Cholera is an infection of the intestines caused by bacteria called Vibrio cholerae. This infection results in large amounts of watery diarrhea, sometimes enough to cause life-threatening dehydration.
A person can develop cholera by eating or drinking food or water that has been contaminated by cholera bacteria. Cholera occurs in most parts of the world.
In the U.S., most cases of cholera are seen either in: travelers from other countriespeople who have eaten food imported from another country
In some southern states in the U.S., an occasional cholera case occurs from eating raw shellfish. Cholera can cause severe dehydration, which may result in death if the person is not treated.
Symptoms usually start 1 to 3 days after eating or drinking contaminated food or water. Common symptoms include: dehydrationmuscle cramping\ painless watery diarrhea, often in very large amountsvomitingweakness
Cholera is caused by eating or drinking contaminated food or water that contains the bacteria.
Thorough cooking of food can usually prevent cholera. Boiling water or treating it with chlorine or iodine is another important way to prevent this infection. Cholera is common in underdeveloped countries that lack clean water supplies. A person who travels to this type of country should use care in the food and water consumed. Good hygiene, especially when preparing food, can help prevent the spread of infection through foods.
The diagnosis of cholera begins with a complete medical history and physical examination. Sometimes, the doctor can see the bacteria in a stool sample through a microscope. In other cases, a stool culture is needed. Stool culture involves putting a sample of stool in a special container. This container has a solution in it that allows the bacteria to grow. If the organism grows, it can be identified, confirming the diagnosis.
All the serious effects of cholera occur because the body loses large amounts of water and salt through diarrhea. The person can develop life-threatening dehydration and salt imbalances, which in turn can result in low blood pressure and kidney damage. In severe cases, shock and death are possible. Death from cholera is very rare in the U.S but is more common in countries where access to medical care and clean water is limited.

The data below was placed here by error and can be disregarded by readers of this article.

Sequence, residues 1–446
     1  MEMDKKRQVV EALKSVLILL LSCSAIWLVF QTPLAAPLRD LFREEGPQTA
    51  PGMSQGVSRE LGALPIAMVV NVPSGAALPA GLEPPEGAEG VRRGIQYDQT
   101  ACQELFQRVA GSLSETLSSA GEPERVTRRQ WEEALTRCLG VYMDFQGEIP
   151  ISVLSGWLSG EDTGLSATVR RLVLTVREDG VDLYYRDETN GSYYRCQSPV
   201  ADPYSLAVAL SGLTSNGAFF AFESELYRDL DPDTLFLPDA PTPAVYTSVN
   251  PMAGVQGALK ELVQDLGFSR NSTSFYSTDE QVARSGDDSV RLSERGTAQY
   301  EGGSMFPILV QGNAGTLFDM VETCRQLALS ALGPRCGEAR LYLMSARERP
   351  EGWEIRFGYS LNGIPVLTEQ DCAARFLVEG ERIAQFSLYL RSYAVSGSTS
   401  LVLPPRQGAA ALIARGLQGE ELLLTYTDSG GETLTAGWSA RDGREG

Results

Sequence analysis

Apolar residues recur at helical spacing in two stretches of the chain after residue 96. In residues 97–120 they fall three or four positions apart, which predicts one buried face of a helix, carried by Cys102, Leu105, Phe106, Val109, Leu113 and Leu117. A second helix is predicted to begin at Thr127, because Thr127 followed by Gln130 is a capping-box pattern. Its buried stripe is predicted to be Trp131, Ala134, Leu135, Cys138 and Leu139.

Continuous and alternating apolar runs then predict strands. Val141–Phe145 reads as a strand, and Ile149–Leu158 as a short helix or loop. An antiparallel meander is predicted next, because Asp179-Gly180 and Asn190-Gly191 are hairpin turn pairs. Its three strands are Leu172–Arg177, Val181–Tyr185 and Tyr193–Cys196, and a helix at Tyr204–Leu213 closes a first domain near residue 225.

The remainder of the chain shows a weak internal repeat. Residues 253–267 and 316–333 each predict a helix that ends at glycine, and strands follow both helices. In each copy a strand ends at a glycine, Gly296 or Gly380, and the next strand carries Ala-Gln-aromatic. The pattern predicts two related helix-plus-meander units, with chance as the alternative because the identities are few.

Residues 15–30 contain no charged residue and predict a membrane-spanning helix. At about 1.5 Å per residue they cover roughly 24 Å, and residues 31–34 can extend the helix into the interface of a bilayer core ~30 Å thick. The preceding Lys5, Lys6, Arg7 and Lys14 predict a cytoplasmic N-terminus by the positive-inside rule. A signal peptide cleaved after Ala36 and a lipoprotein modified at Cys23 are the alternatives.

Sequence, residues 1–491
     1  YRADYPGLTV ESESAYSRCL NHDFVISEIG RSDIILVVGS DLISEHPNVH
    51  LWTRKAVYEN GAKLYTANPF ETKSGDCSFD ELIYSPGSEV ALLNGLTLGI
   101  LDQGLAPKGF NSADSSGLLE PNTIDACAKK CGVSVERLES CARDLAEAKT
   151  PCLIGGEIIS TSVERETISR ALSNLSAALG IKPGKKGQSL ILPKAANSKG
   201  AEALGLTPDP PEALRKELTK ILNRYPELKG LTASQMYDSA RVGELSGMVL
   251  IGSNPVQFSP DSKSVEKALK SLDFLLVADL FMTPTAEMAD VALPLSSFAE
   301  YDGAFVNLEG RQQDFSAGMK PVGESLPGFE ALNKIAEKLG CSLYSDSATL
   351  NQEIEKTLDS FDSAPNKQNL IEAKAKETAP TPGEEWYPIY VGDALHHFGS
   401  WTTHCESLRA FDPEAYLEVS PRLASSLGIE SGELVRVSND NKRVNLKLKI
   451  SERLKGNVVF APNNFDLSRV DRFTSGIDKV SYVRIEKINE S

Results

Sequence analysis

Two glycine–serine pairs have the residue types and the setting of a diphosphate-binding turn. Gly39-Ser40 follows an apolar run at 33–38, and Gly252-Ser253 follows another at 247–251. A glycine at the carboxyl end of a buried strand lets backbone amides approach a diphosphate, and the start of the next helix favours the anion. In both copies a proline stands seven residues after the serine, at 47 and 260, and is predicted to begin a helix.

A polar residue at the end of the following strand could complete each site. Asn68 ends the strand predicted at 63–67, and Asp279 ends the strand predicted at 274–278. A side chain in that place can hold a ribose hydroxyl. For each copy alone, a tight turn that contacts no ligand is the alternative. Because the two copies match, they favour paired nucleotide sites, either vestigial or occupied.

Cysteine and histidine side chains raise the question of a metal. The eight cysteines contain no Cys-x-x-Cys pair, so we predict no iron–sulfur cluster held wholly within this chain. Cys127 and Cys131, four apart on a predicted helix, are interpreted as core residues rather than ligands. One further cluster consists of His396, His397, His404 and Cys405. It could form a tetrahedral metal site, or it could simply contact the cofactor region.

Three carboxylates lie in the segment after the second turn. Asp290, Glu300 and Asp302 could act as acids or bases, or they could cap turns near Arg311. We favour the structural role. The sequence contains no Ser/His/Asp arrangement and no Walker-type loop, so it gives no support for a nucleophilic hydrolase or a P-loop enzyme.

Cholera can be spread from one person to another. This is more likely to occur if the infected person does not have good personal hygiene. Any person with diarrhea from an infection should be careful to wash his or her hands thoroughly after using the toilet, and should not prepare food.
A person who has cholera needs to replace what is lost due to the diarrhea. This includes both fluids and salts, also called electrolytes. Liquid salt solutions can be used if the person is able to drink. Otherwise, fluids and salt can be given through an intravenous line (IV).
An IV is a thin tube that is inserted through the skin and into a person's vein, usually in the hand or forearm. This is often the only treatment that is needed, because the diarrhea goes away in a few days.
Antibiotics such as doxycycline (i.e., Adoxa, Doryx, Oracea, Periostat, Vibramycin) and ciprofloxacin (i.e., Cipro, Proquin) can be used to treat cholera. Though antibiotics are not needed to cure the infection, they are commonly used in the U.S. to shorten the time it takes for symptoms to resolve. They also help clear the bacteria from the bowel, thereby reducing the chance of spreading the disease to others.
A recently developed oral vaccine may provide better immunity and have fewer adverse effects than the previously available vaccine. However, cholera vaccine is not generally recommended for most travelers. Prevention by avoiding unsafe food and water is considered more effective.
All antibiotics have possible side effects, including allergic reactions and stomach upset.
In most cholera cases in the U.S., the diarrhea goes away and the person starts to feel better within a few days. If treatment is delayed, dehydration can cause complications. These include: kidney damagesevere salt imbalancesshock
In these cases, the person is usually treated and monitored in a hospital for a short time.
Any new or worsening symptoms should be reported to the healthcare professional.
Harrison's Principles of Internal Medicine, 1998, Fauci et al.